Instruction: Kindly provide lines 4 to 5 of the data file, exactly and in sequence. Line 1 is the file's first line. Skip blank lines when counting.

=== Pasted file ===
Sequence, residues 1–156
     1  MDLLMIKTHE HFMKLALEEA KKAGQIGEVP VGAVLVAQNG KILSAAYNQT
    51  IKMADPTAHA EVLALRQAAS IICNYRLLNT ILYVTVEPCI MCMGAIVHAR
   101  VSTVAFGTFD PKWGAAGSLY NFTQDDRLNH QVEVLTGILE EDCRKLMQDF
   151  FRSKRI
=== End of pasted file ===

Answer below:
   101  VSTVAFGTFD PKWGAAGSLY NFTQDDRLNH QVEVLTGILE EDCRKLMQDF
   151  FRSKRI